The vast majority of parents and high school students underestimate their college financial aid eligibility, according to a survey released today.
The survey was released by Royall & Company, a division of the Education Advisory Board (EAB), and polled more than 5,000 high school students and parents about their expected eligibility for need-based financial aid. Overall, just 24 percent of parents and 37 percent of students said they believed they would qualify for financial aid. In reality, about 85 percent of all college-going students receive some form of federal financial aid, according to the National Center for Education Statistics (NCES).
Parents and students from low-income households were also likely to underestimate their chances of receiving financial aid. In households with incomes of $60,000 or less – those most likely to receive need-based financial aid – just 66 percent of parents said they expected to qualify, and just 73 percent of students expected to qualify. EAB’s analysis of NCES data found that 84 percent of students from that income bracket receive Pell Grants.
“There is no doubt that college is too expensive for too many families, but there are resources to make college more affordable,” said Pam Kiecker Royall, head of research at Royall & Company, in a statement. “Low- and middle-income families especially have more funding options for higher education than they realize.”
A significant number of survey respondents also said they didn’t feel entirely comfortable filling out the FAFSA. Forty-three percent of parents from low-income households had concerns about filling out the FAFSA, compared with 16 percent of parents with household incomes of $120,001 or more, according to the survey.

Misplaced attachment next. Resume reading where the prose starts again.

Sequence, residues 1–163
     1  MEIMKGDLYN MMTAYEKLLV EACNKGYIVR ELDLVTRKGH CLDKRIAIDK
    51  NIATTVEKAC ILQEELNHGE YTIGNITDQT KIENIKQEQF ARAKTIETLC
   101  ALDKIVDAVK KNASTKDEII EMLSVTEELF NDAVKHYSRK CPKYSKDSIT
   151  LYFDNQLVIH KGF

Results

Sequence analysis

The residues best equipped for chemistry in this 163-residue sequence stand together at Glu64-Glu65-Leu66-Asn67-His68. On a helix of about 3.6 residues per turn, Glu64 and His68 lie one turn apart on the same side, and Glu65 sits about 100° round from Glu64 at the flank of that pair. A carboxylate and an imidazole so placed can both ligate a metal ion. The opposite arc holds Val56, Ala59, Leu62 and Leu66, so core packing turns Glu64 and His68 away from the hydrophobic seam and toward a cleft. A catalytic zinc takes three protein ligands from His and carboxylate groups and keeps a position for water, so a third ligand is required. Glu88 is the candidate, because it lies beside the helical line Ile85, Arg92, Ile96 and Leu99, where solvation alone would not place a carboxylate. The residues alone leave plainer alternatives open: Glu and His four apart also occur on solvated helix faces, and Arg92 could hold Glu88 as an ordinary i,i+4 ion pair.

Kiecker Royall added that the survey results highlight a need to better educate parents and students about their college financial aid options. North Central College in Illinois, for example, has been using targeted nudges to encourage parents and students to fill out forms to apply for financial aid, such as the FAFSA. In one year, financial aid submissions increased by 22 percent, according to the survey.
“The [survey] suggests that families’ concerns about how college costs may be driven by their misperceptions about who is eligible for financial aid and how to apply for it. And while this is troublesome for all families, it is especially so for families with lower household incomes,” said Chris Marett, president of Royall & Company, in a statement.
For more information about where to find sources of financial aid and who is eligible, check out resources on NASFAA’s website for students, parents, and counselors, as well as a Frequently Asked Questions section on financial aid awareness.
Publication Date: 6/28/2016